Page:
Femoral Nerve: Difference between revisions


 

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”’Top Contributors”’ – {{Special:Contributors/{{FULLPAGENAME}}}}</div>

”’Top Contributors”’ – {{Special:Contributors/{{FULLPAGENAME}}}}</div>

== Introduction ==

== Introduction ==

[[File:Muscular branches of femoral nerve – Kenhub.png|alt=Muscular branches of femoral nerve (highlighted in green) – anterior view|400x400px|”’Figure.1”’ Muscular Branches of Femoral Nerve <ref>Muscular branches of femoral nerve (highlighted in green) – anterior view image – © Kenhub. Available from: https://www.kenhub.com/en/library/anatomy/femoral-nerve</ref>|thumb]]

[[File:Muscular branches of femoral nerve – Kenhub.png|alt=Muscular branches of femoral nerve (highlighted in green) – anterior view|400x400px|”’Figure.1”’ Muscular Branches of Femoral Nerve <ref>Muscular branches of femoral nerve (highlighted in green) – anterior view image – © Kenhub. Available from: https://www.kenhub.com/en/library/anatomy/femoral-nerve</ref>|thumb]]

The femoral nerve is the largest nerve of the [[Lumbar Plexus|lumbar plexus]]. It originates from the dorsal divisions of the L2-L4 ventral rami.  It has a role in motor and sensory processing in the lower limbs. It controls:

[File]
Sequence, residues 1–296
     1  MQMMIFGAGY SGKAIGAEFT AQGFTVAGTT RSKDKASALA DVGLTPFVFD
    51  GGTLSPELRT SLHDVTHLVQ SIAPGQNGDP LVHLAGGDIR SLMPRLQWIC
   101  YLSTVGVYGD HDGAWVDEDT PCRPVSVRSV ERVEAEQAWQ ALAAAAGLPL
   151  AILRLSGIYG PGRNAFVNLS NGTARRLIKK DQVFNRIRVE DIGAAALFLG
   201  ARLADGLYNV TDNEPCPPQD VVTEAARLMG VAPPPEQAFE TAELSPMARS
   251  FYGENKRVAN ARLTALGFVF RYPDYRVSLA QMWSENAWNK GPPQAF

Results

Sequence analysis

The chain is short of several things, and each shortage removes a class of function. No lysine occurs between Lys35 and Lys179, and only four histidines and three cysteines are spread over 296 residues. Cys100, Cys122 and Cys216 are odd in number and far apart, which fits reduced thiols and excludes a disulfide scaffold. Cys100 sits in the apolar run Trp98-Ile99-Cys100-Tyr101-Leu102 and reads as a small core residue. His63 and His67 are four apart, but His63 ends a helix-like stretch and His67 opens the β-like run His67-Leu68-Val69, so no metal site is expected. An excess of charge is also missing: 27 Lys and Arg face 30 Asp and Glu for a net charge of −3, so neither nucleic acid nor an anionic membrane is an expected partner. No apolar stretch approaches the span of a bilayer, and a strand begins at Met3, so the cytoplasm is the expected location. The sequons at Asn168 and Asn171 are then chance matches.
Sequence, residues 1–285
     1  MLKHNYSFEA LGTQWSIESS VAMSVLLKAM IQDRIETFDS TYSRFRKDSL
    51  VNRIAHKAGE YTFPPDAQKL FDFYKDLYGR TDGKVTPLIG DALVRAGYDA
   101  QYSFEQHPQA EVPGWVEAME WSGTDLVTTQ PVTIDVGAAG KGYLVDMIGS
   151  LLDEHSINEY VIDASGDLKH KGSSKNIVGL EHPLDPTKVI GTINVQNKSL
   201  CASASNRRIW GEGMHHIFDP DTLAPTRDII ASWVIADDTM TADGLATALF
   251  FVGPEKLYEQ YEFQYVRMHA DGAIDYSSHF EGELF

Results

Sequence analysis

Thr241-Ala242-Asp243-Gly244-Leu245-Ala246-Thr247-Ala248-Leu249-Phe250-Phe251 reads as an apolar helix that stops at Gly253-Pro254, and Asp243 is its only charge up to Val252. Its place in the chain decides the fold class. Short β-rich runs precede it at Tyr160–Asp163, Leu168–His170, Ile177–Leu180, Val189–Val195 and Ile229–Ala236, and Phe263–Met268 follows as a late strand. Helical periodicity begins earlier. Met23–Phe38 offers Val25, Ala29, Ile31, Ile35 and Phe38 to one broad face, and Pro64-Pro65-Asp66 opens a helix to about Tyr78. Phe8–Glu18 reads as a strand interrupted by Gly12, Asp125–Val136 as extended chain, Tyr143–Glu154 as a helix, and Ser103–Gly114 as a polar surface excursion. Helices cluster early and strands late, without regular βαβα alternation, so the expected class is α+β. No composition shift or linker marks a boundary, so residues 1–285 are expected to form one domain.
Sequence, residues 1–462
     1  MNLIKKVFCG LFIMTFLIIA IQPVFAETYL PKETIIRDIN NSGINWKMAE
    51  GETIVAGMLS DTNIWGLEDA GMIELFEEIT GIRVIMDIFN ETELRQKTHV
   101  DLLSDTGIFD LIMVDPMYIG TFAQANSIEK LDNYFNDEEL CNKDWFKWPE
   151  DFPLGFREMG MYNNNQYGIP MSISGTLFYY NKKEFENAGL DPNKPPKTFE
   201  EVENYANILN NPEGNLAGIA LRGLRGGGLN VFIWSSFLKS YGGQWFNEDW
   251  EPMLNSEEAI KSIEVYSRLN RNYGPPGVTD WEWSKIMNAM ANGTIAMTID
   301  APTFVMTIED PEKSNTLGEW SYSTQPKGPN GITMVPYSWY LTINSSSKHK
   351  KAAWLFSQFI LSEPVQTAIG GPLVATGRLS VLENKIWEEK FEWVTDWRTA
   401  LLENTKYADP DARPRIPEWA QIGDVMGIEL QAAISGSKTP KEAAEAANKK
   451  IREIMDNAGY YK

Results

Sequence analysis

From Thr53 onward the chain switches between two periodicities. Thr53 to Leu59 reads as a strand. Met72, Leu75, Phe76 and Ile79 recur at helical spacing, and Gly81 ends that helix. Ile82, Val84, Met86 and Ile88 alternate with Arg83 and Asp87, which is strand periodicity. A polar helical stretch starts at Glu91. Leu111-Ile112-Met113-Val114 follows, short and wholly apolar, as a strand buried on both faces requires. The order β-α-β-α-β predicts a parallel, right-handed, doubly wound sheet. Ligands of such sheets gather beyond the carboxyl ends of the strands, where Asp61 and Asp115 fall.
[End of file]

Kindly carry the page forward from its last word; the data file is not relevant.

The femoral nerve is the largest nerve of the [[Lumbar Plexus|lumbar plexus]]. It originates from the dorsal divisions of the L2-L4 ventral rami.  It has a role in motor and sensory processing in the lower limbs. It controls:

# The major [[Hip Flexors|hip flexor muscles]], as well as [[Quadriceps Muscle|knee extension]] muscles.

# The major [[Hip Flexors|hip flexor muscles]], as well as [[Quadriceps Muscle|knee extension]] muscles.

# Sensation over the anterior and medial thigh, as well as medial leg down to the hallux (great toe). <ref>Refai NA, Tadi P. Anatomy, [https://www.ncbi.nlm.nih.gov/books/NBK556065/ Bony Pelvis and Lower Limb, Thigh Femoral Nerve.] StatPearls [Internet]. 2020 Oct 27.Available: https://www.ncbi.nlm.nih.gov/books/NBK556065/<nowiki/>(accesseed 17.1.2022)</ref>